VENTURA — Deep in the shadowed darkness of a lemon orchard in east Ventura an alarm clock goes off.
It's 5:30 a.m.
City Council candidate Brian Lee Rencher sits up stiffly, and takes a hungry drag on his first cigarette.
Shivering, he rolls up the thin square of plastic that serves as his ground cloth, and folds his single wool blanket.
Still slow with sleep, he loads up his bicycle--a shiny red mountain bike weighed down by more than 90 pounds of bags.
One dangles from his left handlebar--city budget, city financial reports. Another dangles from his right--campaign literature, precinct maps and food.
He leaves no trace.
With thorny lemon branches and dry eucalyptus leaves crackling underfoot, Rencher rolls his bicycle to the road nearby.
This is a day on Rencher's campaign trail. And it's a trail unlike any other.
"There's not that much difference between me and other people," says Rencher as he coasts down the sidewalk of Telephone Road in the chilly predawn. "Except I don't pay rent, and I ride a bicycle."
But there is a big difference. Rencher is homeless.
Wedged between five-term incumbent Jim Monahan and motorcycle editor Mike Osborn on the official roster of City Council candidates, Rencher is one of 10 people seeking three seats.
Rencher's listed address is 1300 Saratoga Ave., Unit 1801. That's the home of a friend where he picks up his mail. He has only slept there once.
His listed phone numbers--he thought it would look better to have two--are the numbers of friends. He calls in daily to pick up messages.
And his listed profession--business consultant/researcher--has earned him only $90 in the last two years.
But under a landmark 1985 court decision establishing the right of homeless people to vote, it appears legal for Rencher to run for office.
The city clerk's office sees no problem, as long as he is registered to vote.
This is Rencher's third bid for a City Council seat.
"Most of the people making the rules in our society are wealthy," Rencher, 37, says. "I think the poor people want to have something to say about how they are governed as well. That's why I'm running."
He has pawned most of his possessions to produce his campaign literature and has sunk $375 of his own money into the campaign.
That leaves him with barely enough money to eat, he says. Sometimes he goes for days without food.
This day, at 5:45 a.m., he is off to Vons. He cruises the deserted supermarket aisles purposefully, carefully clipped coupons in hand. He buys ham, a loaf of Roman Meal bread, mayonnaise, Korn Nuts and a V-8 juice, for $5.94.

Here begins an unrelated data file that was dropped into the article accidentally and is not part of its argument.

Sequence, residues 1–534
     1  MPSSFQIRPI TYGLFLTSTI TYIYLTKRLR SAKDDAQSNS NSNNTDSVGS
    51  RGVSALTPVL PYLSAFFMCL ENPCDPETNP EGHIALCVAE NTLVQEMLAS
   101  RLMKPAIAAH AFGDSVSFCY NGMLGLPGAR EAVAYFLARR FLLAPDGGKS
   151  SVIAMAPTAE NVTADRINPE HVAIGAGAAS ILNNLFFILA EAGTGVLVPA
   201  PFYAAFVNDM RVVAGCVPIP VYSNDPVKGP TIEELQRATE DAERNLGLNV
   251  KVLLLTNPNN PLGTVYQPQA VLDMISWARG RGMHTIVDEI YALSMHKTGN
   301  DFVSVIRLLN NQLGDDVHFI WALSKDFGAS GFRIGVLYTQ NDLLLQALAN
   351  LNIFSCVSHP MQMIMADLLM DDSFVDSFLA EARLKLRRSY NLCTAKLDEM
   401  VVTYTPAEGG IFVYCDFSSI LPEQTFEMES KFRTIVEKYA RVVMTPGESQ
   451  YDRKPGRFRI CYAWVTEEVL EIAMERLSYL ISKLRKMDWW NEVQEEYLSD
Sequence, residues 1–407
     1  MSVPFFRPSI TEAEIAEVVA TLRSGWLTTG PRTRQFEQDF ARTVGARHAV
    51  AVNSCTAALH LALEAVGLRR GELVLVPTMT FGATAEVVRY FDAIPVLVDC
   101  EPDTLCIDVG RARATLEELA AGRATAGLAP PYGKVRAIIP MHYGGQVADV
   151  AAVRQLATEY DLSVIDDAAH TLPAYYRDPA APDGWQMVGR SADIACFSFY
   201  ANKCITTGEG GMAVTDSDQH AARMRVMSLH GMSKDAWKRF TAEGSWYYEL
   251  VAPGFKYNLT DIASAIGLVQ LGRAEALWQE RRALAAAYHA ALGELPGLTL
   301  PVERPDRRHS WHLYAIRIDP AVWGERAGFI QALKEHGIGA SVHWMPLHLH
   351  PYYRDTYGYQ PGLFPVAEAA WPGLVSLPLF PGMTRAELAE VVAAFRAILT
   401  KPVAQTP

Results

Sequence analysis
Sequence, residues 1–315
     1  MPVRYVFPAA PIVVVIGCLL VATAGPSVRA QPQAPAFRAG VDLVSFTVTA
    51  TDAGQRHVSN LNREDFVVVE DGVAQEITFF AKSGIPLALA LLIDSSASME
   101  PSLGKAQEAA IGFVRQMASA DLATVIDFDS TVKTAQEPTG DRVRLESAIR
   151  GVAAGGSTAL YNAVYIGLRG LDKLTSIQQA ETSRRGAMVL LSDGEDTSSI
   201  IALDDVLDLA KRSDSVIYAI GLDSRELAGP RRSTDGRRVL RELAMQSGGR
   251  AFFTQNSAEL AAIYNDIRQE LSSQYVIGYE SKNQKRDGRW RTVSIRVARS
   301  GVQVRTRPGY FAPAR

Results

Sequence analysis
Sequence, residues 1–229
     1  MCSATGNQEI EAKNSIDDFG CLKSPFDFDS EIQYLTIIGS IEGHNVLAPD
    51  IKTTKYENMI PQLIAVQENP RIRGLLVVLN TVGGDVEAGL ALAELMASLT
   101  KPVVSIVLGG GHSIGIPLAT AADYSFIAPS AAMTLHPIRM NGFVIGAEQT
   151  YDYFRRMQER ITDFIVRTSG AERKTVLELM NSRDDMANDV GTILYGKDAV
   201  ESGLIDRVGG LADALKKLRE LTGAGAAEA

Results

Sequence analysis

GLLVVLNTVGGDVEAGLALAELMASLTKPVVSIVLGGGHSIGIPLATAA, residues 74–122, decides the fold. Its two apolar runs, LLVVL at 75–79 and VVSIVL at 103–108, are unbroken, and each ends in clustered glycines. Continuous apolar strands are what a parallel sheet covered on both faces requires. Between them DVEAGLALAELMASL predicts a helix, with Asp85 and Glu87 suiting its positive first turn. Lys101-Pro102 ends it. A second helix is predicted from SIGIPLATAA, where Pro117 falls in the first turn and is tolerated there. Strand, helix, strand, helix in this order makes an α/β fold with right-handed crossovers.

This will last him several days.
Then it's off to International House of Pancakes on Victoria Avenue to brush his teeth, and a short downhill ride to radio station KTRO for a 7 a.m. candidate's interview.
Seated in the tiny soundproof radio station, interviewer Tom Spence quizzes Rencher on his views, his life, his work.
"So, if you ride your bike everywhere, you must live in pretty close proximity to work," says Spence.
Rencher deftly dodges the question and steers the conversation toward policy issues.
By 8 a.m., Rencher is hard at work at Stanley and Co., an advertising, public relations and interactive marketing firm. He is seated behind a glass-topped table--a phone at his fingertips, a pile of papers before him.
His boss, Jennifer Knudsen, says she hired Rencher as a temporary telemarketer out of a field of eight applicants for what she saw as his unique skills.
"He has a very good telephone voice," she says. "And he's very good at improvisation--at getting around a question he doesn't know the answer to."
Asked directly about his living situation, Rencher does not lie. But he does not advertise it, either.
It's like the business suit he often wears during election season. It's something to make other people more at ease.
"I've learned to add a little bit of fluff," he says. "I don't like to think of it as lying. It's to create those perceptions for other people's benefit--because they don't feel comfortable."
But for Rencher, homelessness is a fact of life. When his father remarried 18 years ago, Rencher was kicked out of his home in Camarillo. He says he has been on the street every year of the last 18, except one. He says he spends $10,000 a year on school.
He's currently getting his master of business administration degree at the University of La Verne in Oxnard. He would rather spend his money on education than rent, he says.
There have been at least two other homeless council candidates in Southern California. But they played up their plight and campaigned as advocates for people who live the hard life on the street.
Rencher does not sell himself that way.
He campaigns as much about balancing the city budget, fixing Ventura's cracked streets and building a park in east Ventura as he does about helping the homeless.
Rencher lives a sort of double life, moving between offices and the orchards where he sleeps--fooling many who come in contact with him because he is clean, well-read and diligent.